New U.S Army regulations released on Tuesday state service members at the brigade level now will be granted religious accommodations to wear turbans, skullcaps, beards and hijabs, in accordance with their faith, effective immediately. The new policies also permit religious bracelets, as well as dreadlocks for female soldiers. Permissions of this type previously were made on a case-by-case basis.
The new guidelines allow for body art and other expressions of religious belief, reports The Guardian.
The Army rule update comes during the same week that New York Police Commissioner James O'Neill announced the New York Police Department decision to allow officers to wear turbans and grow beards for religious reasons. Read related article in The Gospel Herald - Religious Police Attire: New York Officers Now Can Wear Turbans, Grow Beards
"Based on the successful examples of soldiers currently serving with these accommodations, I have determined that brigade-level commanders may approve requests for these accommodations," wrote Secretary of the Army Eric Fanning in a letter announcing the decision.
Several lawsuits in recent years pressured the Army to change its policies on grooming and dress. In April 2016, Bronze Star recipient Capt. Simratpal Singh was granted a permanent accommodation to wear his turban and beard after he sued the military for discrimination, reports The Huffington Post. But that ruling applied only to Singh.
Tuesday's decision ensures that brigade-level commanders will approve all requests for religious accommodations as long as the soldier demonstrates sincere faith observance and doing so would not present a "specific, concrete hazard."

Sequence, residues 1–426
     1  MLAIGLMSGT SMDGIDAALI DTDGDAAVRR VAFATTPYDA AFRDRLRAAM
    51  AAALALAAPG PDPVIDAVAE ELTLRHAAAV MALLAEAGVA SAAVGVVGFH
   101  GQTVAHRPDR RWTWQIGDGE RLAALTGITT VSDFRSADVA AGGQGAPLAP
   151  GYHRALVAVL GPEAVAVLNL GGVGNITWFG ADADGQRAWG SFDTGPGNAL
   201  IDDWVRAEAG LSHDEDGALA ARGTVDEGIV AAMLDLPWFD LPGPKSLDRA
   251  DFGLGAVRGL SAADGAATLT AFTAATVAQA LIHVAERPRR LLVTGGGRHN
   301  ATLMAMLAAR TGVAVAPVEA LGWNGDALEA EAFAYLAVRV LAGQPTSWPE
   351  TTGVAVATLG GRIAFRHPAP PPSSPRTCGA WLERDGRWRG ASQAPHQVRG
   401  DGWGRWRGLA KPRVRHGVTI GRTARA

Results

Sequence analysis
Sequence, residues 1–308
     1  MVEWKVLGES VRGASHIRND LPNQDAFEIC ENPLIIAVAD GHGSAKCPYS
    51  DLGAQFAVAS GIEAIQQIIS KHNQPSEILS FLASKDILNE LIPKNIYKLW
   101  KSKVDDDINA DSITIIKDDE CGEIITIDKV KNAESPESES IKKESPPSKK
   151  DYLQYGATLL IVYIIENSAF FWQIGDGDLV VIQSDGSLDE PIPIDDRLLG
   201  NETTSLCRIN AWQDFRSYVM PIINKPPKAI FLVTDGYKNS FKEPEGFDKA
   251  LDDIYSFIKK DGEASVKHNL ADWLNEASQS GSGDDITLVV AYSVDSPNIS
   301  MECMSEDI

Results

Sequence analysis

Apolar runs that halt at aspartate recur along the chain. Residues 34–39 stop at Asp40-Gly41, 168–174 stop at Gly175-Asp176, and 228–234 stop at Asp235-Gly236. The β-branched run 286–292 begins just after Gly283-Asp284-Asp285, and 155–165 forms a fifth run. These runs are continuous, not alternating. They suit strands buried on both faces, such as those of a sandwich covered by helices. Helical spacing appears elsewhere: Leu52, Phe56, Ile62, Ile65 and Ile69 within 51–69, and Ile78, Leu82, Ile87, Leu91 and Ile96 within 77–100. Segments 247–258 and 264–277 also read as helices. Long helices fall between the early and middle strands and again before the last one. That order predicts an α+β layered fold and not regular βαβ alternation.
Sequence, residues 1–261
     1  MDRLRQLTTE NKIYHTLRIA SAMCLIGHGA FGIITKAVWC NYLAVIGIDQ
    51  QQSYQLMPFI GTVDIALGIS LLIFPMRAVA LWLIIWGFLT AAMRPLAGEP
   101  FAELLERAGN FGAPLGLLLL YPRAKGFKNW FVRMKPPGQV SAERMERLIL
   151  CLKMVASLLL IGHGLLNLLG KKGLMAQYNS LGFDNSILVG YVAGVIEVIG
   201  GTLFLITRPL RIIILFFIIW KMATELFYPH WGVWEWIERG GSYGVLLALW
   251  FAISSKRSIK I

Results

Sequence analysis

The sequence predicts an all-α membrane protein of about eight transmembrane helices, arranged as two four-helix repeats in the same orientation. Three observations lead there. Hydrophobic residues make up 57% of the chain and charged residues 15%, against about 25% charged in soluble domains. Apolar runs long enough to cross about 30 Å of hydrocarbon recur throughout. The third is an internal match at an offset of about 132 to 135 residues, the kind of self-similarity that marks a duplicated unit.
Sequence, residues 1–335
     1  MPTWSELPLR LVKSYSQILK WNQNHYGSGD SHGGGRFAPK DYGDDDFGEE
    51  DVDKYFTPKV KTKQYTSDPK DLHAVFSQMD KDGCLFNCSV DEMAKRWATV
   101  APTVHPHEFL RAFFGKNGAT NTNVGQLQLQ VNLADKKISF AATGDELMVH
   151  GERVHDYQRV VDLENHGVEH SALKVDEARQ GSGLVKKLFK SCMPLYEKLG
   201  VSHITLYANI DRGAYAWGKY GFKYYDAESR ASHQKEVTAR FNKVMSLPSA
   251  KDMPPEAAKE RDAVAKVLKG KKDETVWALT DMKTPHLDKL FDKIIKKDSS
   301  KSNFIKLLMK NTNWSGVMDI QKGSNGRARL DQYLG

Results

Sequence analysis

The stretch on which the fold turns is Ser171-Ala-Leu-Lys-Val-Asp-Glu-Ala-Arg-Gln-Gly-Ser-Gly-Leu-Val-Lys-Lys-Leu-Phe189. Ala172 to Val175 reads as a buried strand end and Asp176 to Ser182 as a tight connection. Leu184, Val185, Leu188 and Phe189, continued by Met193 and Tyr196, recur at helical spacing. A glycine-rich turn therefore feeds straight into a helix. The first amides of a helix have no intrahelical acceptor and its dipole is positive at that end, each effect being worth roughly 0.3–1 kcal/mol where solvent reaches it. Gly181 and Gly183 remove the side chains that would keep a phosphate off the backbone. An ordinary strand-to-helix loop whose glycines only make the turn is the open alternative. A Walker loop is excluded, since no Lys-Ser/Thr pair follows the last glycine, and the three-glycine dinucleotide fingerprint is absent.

Army officials will continue testing for safety hazards posed by accommodating articles of faith, Fanning said. Soldiers with religious accommodations to grow beards will be restricted from military schools and positions with proximity to toxic chemical agents.
"My turban and beard represent my commitment to pluralism and equality," said Major Kamaljeet Singh Kalsi, who was granted an accommodation in 2009. "This new policy change underscores the military's commitment to these values and is a sign of meaningful progress that will ensure the strength of our democracy."
"Our goal is to balance soldier readiness and safety with the accommodation of our soldiers' faith practices, and this latest directive allows us to do that," Lieutenant Colonel Randy Taylor said in a statement.
Before the rule change, service members who wanted to wear articles of faith had to be granted a limited accommodation or permission to serve in the Army, reports International Business Times. Such accommodations weren't always guaranteed, and if they were, they often reportedly were short-lived. Many said the permissions had to be renewed after nearly every assignment.
Thousands of Muslims, Sikhs, Buddhists, Wiccans and members of other religious groups serve in the Army. Many groups have protested against the exclusion of religious apparel, saying it forces them to choose between their religious beliefs and a desire to serve the nation.
To be approved within the new policies, changes in apparel or presentation must not impair the operation of weapons, pose a health or safety hazard or interfere with other military equipment, such as helmets, flak jackets or wetsuits, according to the guidelines.